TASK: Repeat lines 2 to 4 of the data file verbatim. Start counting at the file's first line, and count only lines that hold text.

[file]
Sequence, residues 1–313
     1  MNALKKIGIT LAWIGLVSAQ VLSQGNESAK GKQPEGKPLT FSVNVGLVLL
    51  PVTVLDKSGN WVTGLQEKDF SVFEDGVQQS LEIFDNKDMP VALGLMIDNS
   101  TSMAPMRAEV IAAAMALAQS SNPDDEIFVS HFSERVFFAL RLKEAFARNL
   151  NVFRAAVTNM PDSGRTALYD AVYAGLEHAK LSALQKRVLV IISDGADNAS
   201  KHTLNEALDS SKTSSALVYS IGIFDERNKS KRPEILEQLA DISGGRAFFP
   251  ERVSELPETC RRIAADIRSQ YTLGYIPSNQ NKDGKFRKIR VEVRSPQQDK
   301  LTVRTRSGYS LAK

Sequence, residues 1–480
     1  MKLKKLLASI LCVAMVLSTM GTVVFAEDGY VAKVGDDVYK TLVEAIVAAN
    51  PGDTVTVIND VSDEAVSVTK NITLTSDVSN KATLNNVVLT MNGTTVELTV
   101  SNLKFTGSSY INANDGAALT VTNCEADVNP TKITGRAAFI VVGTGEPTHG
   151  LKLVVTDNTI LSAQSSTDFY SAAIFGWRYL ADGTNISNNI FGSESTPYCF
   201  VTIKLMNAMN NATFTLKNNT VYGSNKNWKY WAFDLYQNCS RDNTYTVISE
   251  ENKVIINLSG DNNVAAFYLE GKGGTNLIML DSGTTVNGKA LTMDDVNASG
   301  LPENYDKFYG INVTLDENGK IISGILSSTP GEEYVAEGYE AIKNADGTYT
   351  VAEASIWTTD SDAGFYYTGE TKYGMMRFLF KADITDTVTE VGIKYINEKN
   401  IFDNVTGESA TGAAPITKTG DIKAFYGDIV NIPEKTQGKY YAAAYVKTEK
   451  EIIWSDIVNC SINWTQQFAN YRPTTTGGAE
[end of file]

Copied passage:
     1  MNALKKIGIT LAWIGLVSAQ VLSQGNESAK GKQPEGKPLT FSVNVGLVLL
    51  PVTVLDKSGN WVTGLQEKDF SVFEDGVQQS LEIFDNKDMP VALGLMIDNS
   101  TSMAPMRAEV IAAAMALAQS SNPDDEIFVS HFSERVFFAL RLKEAFARNL